Understood. It seems like with the smaller spine deals that the whole industry has done in the last few years, that every single one of them ends up being tough on the integration. Is that a fair statement?

David Dvorak

Because of the distribution channel, I there are issues there, but I will tell you that we built that into our business case. Our view as to the benefits of that transaction have not changed.

Mike Weinstein - JP Morgan

David, I want to circle back to the resurfacing discussion, because you have raised this as being an issue on the business in the short run, which makes us all wonder when are these guys going to be able to have a product in the U.S.? There is an open question there about your ability to file a PMA with foreign data in 2008. When do you think will you get visibility on that?

David Dvorak

All we can do is give you updates on a quarterly basis as to how we are tracking in that regard. We can't give you any assurance that we are going to be successful on that front with the foreign data, obviously, and if we are, it is a couple of years out, and if we aren't and we have to go through a full IDE/PMA to develop the U.S. data, it is obviously about double that time period.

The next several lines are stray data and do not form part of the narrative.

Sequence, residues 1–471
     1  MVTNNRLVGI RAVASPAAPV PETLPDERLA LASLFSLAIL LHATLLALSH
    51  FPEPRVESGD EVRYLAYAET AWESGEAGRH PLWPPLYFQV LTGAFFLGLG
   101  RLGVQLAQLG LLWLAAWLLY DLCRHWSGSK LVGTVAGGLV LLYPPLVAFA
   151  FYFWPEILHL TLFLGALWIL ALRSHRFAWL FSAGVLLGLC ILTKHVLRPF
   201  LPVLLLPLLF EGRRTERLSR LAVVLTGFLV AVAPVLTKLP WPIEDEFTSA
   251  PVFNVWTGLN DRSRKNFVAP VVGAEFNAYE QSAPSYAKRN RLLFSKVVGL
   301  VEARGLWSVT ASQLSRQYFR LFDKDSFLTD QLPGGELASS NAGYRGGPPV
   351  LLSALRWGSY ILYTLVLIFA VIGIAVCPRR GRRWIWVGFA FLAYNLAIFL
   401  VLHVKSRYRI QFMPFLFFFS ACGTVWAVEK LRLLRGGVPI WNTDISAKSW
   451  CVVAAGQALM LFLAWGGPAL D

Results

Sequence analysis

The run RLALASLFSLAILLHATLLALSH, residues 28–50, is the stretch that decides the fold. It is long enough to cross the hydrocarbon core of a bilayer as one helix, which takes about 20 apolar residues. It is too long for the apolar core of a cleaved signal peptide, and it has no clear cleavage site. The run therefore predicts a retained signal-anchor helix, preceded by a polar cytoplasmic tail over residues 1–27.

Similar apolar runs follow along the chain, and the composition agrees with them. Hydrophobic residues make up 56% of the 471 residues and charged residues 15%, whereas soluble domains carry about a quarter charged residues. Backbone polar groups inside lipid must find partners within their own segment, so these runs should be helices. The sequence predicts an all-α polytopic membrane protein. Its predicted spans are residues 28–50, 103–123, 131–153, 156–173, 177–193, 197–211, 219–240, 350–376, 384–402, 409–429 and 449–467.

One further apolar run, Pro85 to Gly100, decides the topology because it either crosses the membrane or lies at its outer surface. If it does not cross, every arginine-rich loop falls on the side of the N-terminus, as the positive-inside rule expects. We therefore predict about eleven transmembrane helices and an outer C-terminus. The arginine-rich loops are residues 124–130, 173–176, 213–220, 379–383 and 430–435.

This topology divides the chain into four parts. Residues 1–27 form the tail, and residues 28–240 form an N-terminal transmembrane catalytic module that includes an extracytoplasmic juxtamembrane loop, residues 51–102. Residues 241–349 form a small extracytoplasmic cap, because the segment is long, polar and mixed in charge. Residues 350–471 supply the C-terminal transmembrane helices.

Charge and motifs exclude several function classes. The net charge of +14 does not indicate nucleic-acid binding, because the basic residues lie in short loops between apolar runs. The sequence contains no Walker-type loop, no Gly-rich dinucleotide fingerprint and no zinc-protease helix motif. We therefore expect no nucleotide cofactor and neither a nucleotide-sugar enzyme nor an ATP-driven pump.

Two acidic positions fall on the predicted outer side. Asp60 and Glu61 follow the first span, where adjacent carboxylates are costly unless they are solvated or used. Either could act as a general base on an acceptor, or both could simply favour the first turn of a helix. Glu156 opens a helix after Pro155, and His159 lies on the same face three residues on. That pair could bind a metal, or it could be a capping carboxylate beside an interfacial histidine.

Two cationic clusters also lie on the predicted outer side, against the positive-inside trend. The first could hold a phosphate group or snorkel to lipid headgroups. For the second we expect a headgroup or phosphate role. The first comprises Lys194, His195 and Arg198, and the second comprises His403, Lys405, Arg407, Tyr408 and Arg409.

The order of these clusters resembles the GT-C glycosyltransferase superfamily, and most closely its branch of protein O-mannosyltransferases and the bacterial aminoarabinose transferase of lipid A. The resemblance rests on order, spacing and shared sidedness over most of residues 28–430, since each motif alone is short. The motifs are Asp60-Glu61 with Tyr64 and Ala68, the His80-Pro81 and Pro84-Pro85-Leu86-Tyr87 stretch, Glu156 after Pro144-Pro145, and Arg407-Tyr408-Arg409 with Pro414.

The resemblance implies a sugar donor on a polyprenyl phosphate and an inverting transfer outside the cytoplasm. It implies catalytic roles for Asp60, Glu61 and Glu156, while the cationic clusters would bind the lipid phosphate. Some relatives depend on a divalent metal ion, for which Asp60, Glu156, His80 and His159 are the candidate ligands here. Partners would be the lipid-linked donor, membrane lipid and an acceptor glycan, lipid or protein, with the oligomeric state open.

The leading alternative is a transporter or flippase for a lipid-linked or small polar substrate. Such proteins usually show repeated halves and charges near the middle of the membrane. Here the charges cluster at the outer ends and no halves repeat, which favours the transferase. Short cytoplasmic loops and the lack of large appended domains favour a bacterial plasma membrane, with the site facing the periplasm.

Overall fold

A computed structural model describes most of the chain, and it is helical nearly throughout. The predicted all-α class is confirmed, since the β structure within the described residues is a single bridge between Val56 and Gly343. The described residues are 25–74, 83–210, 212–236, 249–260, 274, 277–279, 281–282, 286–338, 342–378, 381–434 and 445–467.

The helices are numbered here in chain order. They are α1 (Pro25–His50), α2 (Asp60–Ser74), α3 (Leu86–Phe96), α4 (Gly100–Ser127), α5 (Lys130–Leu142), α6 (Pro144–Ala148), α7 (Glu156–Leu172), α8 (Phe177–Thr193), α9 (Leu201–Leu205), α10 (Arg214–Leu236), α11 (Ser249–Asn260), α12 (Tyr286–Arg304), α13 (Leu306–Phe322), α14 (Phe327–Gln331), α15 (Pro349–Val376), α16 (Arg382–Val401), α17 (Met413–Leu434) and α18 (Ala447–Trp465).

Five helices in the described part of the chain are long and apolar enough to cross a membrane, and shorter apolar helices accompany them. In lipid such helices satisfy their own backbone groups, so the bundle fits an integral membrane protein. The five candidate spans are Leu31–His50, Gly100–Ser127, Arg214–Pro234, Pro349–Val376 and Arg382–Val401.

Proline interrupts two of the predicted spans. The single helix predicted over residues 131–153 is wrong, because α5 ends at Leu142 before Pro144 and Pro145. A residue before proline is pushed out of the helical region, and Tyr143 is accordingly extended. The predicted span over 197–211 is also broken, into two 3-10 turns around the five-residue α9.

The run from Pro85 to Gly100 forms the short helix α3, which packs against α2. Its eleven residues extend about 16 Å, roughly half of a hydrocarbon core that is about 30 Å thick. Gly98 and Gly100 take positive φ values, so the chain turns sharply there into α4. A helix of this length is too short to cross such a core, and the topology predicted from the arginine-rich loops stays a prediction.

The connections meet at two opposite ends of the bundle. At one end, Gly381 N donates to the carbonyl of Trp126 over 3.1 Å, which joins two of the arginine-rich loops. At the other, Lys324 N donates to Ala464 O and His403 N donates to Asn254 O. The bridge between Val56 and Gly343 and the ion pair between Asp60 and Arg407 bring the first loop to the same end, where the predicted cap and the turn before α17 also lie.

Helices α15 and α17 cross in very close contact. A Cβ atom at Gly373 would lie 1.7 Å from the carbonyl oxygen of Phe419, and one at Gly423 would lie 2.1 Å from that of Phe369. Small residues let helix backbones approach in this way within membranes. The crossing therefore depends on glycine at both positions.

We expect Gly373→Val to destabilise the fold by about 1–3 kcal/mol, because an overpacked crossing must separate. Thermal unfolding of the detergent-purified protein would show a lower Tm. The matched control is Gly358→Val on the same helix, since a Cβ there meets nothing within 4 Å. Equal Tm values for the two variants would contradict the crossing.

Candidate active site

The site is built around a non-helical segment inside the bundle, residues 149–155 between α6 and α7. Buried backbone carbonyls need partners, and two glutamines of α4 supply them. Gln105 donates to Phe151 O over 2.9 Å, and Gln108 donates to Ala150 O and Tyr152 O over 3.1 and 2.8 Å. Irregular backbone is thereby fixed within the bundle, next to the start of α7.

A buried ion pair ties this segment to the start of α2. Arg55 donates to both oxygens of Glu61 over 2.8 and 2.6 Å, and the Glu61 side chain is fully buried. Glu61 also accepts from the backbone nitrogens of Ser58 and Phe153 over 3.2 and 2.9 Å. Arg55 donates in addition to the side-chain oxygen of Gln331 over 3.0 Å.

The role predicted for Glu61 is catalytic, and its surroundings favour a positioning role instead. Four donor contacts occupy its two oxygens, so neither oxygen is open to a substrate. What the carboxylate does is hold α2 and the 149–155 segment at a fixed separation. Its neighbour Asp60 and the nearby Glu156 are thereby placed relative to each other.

Mike Weinstein - JP Morgan

The Mobile Bearing Knee, you really didn't talk about it really at all here. Someone asked a question about it. You made a comment and you haven't had a discussion with the FDA, you haven't heard from the FDA since the last earnings call, which would have been three months ago. It doesn't sound like your visibility is very good on the timing of that approval, or maybe you can give us a little bit more?

David Dvorak

We have done everything that we can do on that, and we are awaiting the FDA's response to us and so there really isn't anything more to tell you at this stage.

Operator

Your next question comes from Raj Denhoy - Bear Stearns.

Raj Denhoy - Piper Jaffray

I wanted to talk a little more on resurfacing. One of the questions that has come up with that product is whether it is going to be incremental to the market growth, or whether it's going to be cannibalizing existing sales. It sounds from your commentary that you are thinking it's going to be more the latter, and that it should be taking procedures that would have been done with traditional hips. Is that fair to say? Do you think it's somewhat of a mix here at this point?

David Dvorak

Well, I think it is both. I think that it is probably expanding the market, but also picking up some opportunities that otherwise would have gone to traditional hip procedures. We are seeing it obviously on the side where the traditional hip procedure is being lost to the resurfacing but in addition to that, I think it is also the case that when the surgeons go in and get trained on the resurfacing product, you may lose the primary total hip procedure even if they are not using the resurfacing, because they have been exposed to another company's product at that point in time.